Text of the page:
Council still in the dark over fate of $7.38m

LISMORE City Council is still waiting for advice on the full impact of the collapse of US investment bank Lehman Brothers, in which the council has 19 investments totalling $7.38 million.

The council's finance manager, Rino Santin, said the uncertainty and volatility in investment markets since July last year, and the filing for bankruptcy by Lehman Brothers, had impacted on the market valuations and interest returns of these investments.

While the council is still waiting for advice from its independent advisor, Grove Research & Advisory in Sydney, and from Lehman's, the final outcome and the impact it will have on council's operations is unknown.

“As a direct result of the Lehman bankruptcy, five investments did not make interest payments totalling about $33,000 that were due to council on September 22,” Mr Santin said.

“The trustee for these investments has advised that there is no reasonable expectation that these payments will be received.”

The rest of the $7.38 million still hangs in balance. Council has adopted a strategy to hold all investments to maturity to minimise the realisation of any market value losses.

Mr Santin said Lehman's bankruptcy may result in some losses being realised earlier than anticipated.

Richmond Valley Council also remains in the dark about its exposure to losses following the Lehman collapse.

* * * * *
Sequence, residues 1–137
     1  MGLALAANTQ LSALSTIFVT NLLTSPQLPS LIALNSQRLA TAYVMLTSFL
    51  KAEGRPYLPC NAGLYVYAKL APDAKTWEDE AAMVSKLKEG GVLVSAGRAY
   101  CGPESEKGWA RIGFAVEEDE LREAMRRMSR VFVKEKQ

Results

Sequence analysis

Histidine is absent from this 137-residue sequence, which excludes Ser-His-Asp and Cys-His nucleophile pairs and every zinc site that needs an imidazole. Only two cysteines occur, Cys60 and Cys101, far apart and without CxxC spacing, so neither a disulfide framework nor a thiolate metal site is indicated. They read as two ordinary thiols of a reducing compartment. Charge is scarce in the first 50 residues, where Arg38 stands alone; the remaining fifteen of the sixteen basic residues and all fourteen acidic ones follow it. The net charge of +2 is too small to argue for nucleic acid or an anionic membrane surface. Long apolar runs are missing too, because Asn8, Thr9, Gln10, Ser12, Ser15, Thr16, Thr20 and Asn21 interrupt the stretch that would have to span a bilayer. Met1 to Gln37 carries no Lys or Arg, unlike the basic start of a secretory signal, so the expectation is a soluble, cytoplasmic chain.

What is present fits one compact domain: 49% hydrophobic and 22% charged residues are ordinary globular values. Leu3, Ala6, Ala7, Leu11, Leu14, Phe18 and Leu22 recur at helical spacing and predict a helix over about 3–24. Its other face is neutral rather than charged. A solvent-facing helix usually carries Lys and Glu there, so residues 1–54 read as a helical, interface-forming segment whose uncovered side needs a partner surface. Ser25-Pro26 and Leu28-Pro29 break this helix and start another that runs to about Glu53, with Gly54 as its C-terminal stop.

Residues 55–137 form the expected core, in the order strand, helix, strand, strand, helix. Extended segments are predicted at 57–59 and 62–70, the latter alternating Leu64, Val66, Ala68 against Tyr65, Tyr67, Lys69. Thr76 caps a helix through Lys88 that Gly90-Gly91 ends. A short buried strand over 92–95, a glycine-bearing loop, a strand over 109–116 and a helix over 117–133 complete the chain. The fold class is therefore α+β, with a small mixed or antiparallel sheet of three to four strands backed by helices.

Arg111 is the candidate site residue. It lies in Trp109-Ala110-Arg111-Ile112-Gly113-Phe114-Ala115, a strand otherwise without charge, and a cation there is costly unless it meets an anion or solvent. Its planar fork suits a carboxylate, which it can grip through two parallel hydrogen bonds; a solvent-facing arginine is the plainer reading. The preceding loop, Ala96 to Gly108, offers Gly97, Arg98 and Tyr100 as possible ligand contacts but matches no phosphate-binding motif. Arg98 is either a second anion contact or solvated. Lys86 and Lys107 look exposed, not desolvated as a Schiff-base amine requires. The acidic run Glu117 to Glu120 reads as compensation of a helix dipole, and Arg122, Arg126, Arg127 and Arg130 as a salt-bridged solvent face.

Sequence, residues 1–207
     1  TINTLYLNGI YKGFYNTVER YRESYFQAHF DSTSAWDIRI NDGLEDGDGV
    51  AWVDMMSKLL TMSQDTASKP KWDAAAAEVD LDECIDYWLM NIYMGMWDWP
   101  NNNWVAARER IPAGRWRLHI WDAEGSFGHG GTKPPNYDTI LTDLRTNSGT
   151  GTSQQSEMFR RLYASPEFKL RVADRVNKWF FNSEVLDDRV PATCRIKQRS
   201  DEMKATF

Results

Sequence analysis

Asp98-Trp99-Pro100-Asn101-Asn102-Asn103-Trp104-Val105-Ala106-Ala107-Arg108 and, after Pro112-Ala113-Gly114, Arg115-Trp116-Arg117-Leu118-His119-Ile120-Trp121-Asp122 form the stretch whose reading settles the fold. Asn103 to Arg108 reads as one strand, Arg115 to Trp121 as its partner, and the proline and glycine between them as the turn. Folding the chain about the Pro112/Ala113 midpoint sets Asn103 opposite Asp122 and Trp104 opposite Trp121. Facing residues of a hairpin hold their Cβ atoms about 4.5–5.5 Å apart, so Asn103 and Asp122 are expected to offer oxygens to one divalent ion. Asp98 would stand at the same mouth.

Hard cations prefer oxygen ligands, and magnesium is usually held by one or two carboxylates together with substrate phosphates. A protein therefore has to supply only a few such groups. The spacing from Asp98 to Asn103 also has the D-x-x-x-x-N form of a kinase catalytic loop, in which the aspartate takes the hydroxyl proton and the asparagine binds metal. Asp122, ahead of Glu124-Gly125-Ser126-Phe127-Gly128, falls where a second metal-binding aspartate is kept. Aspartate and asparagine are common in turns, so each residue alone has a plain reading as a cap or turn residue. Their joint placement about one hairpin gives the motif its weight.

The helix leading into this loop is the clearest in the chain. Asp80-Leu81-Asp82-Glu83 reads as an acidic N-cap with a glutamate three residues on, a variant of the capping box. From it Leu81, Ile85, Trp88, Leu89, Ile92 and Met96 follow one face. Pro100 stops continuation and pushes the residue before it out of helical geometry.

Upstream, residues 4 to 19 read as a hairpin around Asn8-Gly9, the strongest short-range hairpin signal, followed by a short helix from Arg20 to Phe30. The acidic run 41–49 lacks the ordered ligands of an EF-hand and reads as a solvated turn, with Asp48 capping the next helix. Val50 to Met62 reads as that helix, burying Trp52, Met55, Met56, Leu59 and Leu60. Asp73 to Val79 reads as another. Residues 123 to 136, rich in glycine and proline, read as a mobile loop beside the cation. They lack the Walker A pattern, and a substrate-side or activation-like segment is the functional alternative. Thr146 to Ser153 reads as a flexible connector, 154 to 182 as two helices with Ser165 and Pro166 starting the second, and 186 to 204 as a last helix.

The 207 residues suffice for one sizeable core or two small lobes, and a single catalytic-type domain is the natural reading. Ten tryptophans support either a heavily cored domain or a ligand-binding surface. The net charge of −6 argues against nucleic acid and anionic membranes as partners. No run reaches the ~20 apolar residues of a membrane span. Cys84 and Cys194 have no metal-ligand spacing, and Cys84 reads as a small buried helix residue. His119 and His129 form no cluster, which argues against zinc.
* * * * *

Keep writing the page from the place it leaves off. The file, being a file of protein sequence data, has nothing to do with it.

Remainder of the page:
“In this global economy the financial markets are constantly changing and since the Lehman Brothers collapse the stock market is hanging in balance,” Richmond Valley Council's financial services manager, James Brickley, said.

“We are now more aware of our exposure to Lehman Brothers.”

Of Richmond Valley Council's four main investments, only one did not get return coupons since the collapse.

“We have one investment with a face value of $1 million when we bought it. It was due to pay a coupon at the end of September, but it didn't pay up,” Mr Brickley said.

“It is worth $500,000 and still is not paid. It hasn't disappeared, but it is not clear yet what happened to it.”

Mr Brickley said it could be two more months before the council knew what had happened to that particular investment.

The investment matures in 2015, so in a worse-case scenario the council would have to hang on to the investment until then, known as 'grandfathering an investment'.

“Our expectation is that we won't lose money,” Mr Brickley said.

The NSW Department of Local Government issued a ministerial investment order in August with investment guidelines for all NSW councils.

The advice was based on the Cole Report, released in April.

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